Photos by Hirotake Yamakita. Born in Shizuoka City, he grew up beholding Mt. Fuji in its various magnificence in each turn of the season. He started full-scale landscape photography with a single-lens reflex camera, as he inherited the relic of his grandfather whose hobby was watercolor painting. Since then, he has been devoting himself to Mt. Fuji in his hometown of Shizuoka and has continued to photograph Mt. Fuji.
Miho-no-Matsubara, a pine grove on the Miho Peninsula, well-known by its Hagoromo legend, is located at Shimizu-Ku, Shizuoka city in Shizuoka-prefecture. Noh titled as “Hagoromo” combines two legends which are the story in regards to the origin of Suruga-Mai, Suruga dance, and the descent of a Tennyo, a heavenly woman or nymph, onto the beach. Miho-no-Matsubara stretches 5 kilometers long with about fifty thousand pine trees along the beach. With blue sea, white wave spray, and beautiful Mt. Fuji views, the scenic spot attracts tourists all over the world. In every October, Miho-no-Matsubara Takigi-Noh Play, Noh play by firelight, is performed in front of the pine trees, on which the Tennyo is said to have hung her feather mantle.
The Miho-no-Matsubara Hagoromo legend had given a significant influence on the culture of Japan. Musical performance and dance by Tennyo have been considered as the initial Japanese work in the Gagaku, a piece of classical Japanese court music, and is being played still now in the imperial court and some other places like shrines. Unchu- Kuyou-Bosatsu, 25 singing and dancing Statues of Bodhisatva, in Byo-do-In Temple is considered to express the thought on the world of music and dance. “Hagoromo” is currently being performed as the typical play of the Noh. Tennyo hovers in the beautiful scenery of Miho-no -Matsubara, a pine grove on the Miho Peninsula, and Mt. Fuji and rises high up to fade away in the fog.
“Fuji-Shinko, which regards the mountain itself as a god, is the animism that perceives Mt. Fuji has some spiritual value and power. However, it has a history of prayer asking for quieting the repeated large-scale eruption seems to have turned into mountain worship. Mt. Fuji was added to the UNESCO World Heritage Site List in 2013 as “Sacred Place” and “Source of Artistic Inspiration.” Miho-no-Matsubara conveying the beauty of Mt. Fuji is also added to the UNESCO World Heritage Site List as “Artistic source for Poetry and Paintings.”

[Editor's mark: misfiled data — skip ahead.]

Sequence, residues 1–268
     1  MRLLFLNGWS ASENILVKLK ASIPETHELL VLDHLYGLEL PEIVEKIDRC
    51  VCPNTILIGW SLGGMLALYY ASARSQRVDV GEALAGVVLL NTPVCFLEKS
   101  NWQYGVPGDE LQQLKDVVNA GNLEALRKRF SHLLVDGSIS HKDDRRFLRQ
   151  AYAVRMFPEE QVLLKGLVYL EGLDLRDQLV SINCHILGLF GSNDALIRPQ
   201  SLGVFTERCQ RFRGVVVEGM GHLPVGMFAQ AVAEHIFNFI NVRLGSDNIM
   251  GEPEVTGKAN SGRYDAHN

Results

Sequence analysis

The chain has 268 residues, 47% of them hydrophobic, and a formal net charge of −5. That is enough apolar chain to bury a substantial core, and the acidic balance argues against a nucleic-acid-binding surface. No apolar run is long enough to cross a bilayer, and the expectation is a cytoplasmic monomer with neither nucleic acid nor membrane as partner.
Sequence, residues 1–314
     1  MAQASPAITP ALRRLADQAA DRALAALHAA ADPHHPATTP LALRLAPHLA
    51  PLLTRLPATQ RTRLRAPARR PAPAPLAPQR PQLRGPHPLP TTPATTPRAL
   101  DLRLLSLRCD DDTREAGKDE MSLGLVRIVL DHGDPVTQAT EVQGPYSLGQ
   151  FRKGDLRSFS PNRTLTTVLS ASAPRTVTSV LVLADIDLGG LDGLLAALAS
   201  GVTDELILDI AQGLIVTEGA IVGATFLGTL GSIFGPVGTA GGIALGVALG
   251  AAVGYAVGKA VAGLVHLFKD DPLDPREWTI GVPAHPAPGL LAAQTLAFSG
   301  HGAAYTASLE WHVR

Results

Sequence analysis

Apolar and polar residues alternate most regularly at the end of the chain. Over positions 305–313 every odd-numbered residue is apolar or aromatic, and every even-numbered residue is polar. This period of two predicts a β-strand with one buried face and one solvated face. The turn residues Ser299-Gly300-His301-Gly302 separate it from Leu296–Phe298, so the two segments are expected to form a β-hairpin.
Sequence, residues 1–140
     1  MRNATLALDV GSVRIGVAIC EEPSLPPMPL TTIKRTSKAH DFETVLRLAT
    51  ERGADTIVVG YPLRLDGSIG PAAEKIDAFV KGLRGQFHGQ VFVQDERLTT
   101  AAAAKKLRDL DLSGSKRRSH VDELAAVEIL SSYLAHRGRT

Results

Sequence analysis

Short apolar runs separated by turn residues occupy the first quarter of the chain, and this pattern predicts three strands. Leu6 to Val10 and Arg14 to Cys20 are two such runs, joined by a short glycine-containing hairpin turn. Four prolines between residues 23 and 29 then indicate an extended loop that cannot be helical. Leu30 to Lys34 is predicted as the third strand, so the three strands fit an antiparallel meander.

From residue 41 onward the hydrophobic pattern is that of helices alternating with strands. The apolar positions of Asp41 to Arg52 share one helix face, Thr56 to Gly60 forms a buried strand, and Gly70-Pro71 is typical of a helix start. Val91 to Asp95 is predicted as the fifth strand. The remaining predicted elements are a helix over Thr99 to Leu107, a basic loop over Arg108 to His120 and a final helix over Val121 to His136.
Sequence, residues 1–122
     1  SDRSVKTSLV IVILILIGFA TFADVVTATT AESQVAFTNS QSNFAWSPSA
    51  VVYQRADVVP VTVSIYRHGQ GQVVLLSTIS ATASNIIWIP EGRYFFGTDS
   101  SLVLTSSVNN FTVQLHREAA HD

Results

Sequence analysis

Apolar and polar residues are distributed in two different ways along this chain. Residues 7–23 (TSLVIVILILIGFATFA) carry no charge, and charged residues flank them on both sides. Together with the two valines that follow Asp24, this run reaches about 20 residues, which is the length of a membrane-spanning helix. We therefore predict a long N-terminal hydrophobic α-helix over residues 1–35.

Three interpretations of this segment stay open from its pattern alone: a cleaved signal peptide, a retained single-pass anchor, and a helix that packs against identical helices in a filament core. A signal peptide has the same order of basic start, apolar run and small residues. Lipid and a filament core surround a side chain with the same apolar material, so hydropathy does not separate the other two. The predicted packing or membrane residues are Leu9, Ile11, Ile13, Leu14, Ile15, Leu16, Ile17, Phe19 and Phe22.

We are proud to introduce 36 paintings and photos of Mt. Fuji and Tennyo in relation to the Hagoromo legend of Miho-no-Matsubara.
① 19 of paintings related to Mt. Fuji and Hagoromo Legend
② 10 of “Unchu Kuyo Bosatsu” in BYODOIM
③ 7 photos of Mt. Fuji by photographer, Hirotake Yamakita
Organized by The Nippon Club
Supported by the JCC. Fund
(Philanthropic Fund of Japanese Chamber of Commerce and Industry in New York)
In cooperation with:
Aichi Prefectural Museum of Art, Akita Museum of Modern Art, Shigyo Soshu Collection,
Shizuoka Prefectural Museum of Art,
Shizuoka City Miho no Matsubara Culture and Creativity Center-Mihoshirube,
Shizuoka City Tokaido Hiroshige Museum of Art, Tokyo Fuji Art Museum,
Nagashima Museum, BYODOIN,
Director: Yui Morita
Curator: Shoko Hayashi
The Nippon Club WEB Gallery
“Mt. Fuji and Hagoromo Legend”
Virtual Opening Reception &
Virtual New Year’s Party for the Seniors
Ms. Yui Morita (Associate Professor, Tokyo Rissho Junior College) (left photo), who directs this exhibition, will introduce “the legend of Hagoromo” in Miho no Matsubara. In addition, Mr. Genjiro Okura (right photo), a Living National Treasure, will talk about the composition of one of the most representative Noh plays, “Hagoromo,” and then will show us a performance of “Kotsuzumi.” In cooperation with Mr. Masaki Umano, Kanze-style Shitekata Noh performer.
Thursday, January 20, 2022
7 pm – 8 pm (EST)
（A suggested donation for Let’s Support COVID-19 Fighters!）
＊The event will be held in Japanese, but The Nippon Club will be providing real-time subtitles in English.
Associate Professor, Tokyo Rissho Junior College. Part-Time Lecturer of Gakushuin Women’s College and Meiji University. Secretary-General and committee member of “Musubino-Kai,” NPO Corporation of Japanese Traditional Performing Arts for Dissemination and Promotion in Education. Graduated from Ochanomizu University, Master’s Program, MA.
Main research area: Scientific and analytic studies to Japanese traditional arts and artists.
Management and support for special lectures and classes on Japanese traditional arts dissemination and Development.
Publication: “Yokoso Dento-Geino no Sekai: Denshosha ni Kiku Waza to Kokoro” (Welcome to The World of Japanese Traditional Arts. Interviewed with Successors of Traditional Arts) Kunpusha, 2020.
The 16th grandmaster of the Okura School of kotsuzumi-kata. Director of Nohgaku Kyokai, Public Interest Incorporated Association. Member of the Japan Noh Theater Association.
1985, Became the 16th grandmaster of the Okura School of kotsuzumi-kata and the deputy head of the ohtsuzumi family. 2017, Certified as the Important Intangible Cultural Property, Living National Treasure of Japan. Awards: Osaka Culture Encouragement Award, the Sakuya- Konohana Award, Kanze Hisao Memorial Noh Award. Publications: “Okura-Genjiro -no- Noh Dangi” Takosha, 2017. “Noh Kara Himotoku Nihonshi” (An Approach to Japanese History based on The Noh View Point) Fusosha, 2021.